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Saturday, February 21, 2009

First Pacific island Fruit Pickers arrive in Australia

Above - Tongan fruit pickers arrive with much fanfare.

From "The SMH"
THE Opposition is calling for an urgent review of the Pacific Island guest worker scheme amid rising unemployment and with the summer harvest well under way.
Yesterday 50 Tongan workers arrived in Australia among the first of 2500 unskilled migrants from Kiribati, Papua New Guinea, Vanuatu and Tonga promised harvesting work in Swan Hill and Griffith for up to seven months a year.
Since the scheme was announced last August, however, circumstances have changed. Unemployment is forecast to rise to 7 per cent by next year and bushfires have scorched farmland in Victoria.

The Opposition spokeswoman on immigration, Sharman Stone, said the plan, which was modelled on a similar trial in New Zealand, had been bungled from the start.
"This is an enormous embarrassment for Australia in the Pacific," she said.

"We have led these nations to believe there are 2500 opportunities to earn good money in Australia to send back to communities in the Pacific but instead we've had massive bungling and inefficiency."
The almond-picking jobs available for the first 50 arrivals are in Robinvale, a town of 2200 in Victoria's Swan Hill region. Growers in the NSW Riverina can also apply for temporary workers from overseas.

Dr Stone said that Australians, particularly those hurt in the economic downturn, should be first in line for jobs.
"Picking almonds at Robinvale may be just the sort of work our self-funded retirees may be looking to do," she said. "We really have to look at Australia's unemployed first."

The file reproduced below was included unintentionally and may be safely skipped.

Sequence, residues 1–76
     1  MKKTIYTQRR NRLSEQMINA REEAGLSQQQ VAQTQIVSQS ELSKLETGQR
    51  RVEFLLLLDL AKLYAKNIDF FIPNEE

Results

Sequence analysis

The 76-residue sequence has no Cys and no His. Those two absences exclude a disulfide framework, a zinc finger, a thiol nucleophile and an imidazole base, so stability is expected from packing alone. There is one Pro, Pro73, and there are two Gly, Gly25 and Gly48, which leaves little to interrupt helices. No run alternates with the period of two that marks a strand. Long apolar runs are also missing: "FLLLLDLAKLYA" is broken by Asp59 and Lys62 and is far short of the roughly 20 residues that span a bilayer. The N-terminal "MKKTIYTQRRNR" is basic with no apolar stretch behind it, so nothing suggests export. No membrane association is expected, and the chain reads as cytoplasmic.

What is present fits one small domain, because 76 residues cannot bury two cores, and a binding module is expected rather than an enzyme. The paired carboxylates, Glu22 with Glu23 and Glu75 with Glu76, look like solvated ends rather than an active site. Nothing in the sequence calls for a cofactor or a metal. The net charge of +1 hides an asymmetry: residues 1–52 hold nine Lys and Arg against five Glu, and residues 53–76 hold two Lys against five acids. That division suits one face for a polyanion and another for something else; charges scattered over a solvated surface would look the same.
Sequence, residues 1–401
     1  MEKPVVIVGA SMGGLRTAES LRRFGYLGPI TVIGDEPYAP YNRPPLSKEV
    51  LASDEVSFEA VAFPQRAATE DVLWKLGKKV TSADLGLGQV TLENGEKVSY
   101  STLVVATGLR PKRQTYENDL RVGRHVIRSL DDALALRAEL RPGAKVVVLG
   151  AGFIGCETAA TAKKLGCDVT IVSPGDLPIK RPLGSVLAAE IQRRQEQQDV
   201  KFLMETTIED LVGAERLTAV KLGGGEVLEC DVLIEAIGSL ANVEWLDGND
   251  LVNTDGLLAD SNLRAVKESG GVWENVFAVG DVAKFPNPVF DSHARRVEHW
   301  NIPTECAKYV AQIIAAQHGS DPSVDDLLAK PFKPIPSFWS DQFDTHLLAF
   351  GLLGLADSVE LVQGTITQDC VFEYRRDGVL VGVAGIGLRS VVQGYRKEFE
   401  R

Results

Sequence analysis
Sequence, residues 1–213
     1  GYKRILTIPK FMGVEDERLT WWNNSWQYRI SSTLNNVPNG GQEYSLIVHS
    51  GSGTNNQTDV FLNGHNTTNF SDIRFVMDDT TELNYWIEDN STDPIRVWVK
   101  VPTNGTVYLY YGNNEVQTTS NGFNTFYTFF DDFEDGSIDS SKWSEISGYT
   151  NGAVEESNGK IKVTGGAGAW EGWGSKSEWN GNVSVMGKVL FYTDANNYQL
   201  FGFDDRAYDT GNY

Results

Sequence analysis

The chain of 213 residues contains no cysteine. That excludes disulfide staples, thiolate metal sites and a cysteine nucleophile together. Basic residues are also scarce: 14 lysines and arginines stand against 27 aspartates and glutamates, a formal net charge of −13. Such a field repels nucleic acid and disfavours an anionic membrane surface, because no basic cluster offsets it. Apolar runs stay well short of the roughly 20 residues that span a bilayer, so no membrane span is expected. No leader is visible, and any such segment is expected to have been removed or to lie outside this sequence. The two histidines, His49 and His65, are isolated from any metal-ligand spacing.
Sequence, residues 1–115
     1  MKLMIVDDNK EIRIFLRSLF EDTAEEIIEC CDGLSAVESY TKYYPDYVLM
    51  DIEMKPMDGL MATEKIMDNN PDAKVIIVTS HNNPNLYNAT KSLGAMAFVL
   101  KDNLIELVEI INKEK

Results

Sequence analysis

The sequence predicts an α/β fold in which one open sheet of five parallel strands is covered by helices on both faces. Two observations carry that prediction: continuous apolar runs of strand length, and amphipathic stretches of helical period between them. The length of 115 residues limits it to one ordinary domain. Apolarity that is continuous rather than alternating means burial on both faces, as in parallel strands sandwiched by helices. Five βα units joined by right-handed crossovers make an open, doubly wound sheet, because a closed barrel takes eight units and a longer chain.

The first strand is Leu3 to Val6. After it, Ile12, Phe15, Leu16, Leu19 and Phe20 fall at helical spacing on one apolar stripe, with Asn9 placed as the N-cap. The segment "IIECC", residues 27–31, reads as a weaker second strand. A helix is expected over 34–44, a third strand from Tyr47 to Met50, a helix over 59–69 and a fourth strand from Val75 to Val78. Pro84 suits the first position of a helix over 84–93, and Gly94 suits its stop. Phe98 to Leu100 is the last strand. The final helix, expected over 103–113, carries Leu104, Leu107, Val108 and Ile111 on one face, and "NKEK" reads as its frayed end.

The Agriculture Minister, Tony Burke, defended the scheme, saying Australians did not want the seasonal work.
"It never mattered what the unemployment rate was. The farmers have been complaining for decades about trying to get enough workers to pick the fruit," he said.
Mr Burke repeated the imagery of fruit rotting on trees to illustrate why farmers wanted the scheme. At that time, the Government said fruit pickers would arrive before Christmas.

The chief executive of Summerfruit, John Moore, yesterday welcomed the first workers but was disappointed they had not arrived sooner. "Finally something has begun to happen," he said. "Hopefully, in the future the workers arrive at an appropriate time in the season, not at the end."

Mr Burke and the Minister for Employment, Julia Gillard, admitted demand for overseas workers was less than expected. Only four growers from the designated trial areas had registered interest and demand was likely to slow.

Our Comments....
We in PNG are always the last in everything. With the current state of the economy, it seems there will be no chance for PNGeans to contribute to the PI fruit pickers concept. Even if the economy was OK, we doubt we would have had our chances.
Instead of fruit picking, PNG should:
1. Invest heavily in technical education - mining, engineering, and others. Export them to the world and have some for our economy.
2. Invest heavily in medical jobs - doctors, scientists, nurses, carers, pilots and keep some for PNG, some for the world.
3. Invest in Agriculture, agricculture, agriculture and agriculture. We will have fruits to pick then. Also, during this recession, agriculture will stand firm.
4. If our fruit pickers do not make, cop it in the head, we will work harder.

We already have record number of PNG workers in medical, mining and other jobs in Australia. Most are doing well.

1 comment:

WAECA said...

What we are saying is that, our fruit pickers can not make it, our professionals can. We should train more professionals. We have six million people in PNG. That is our strenght.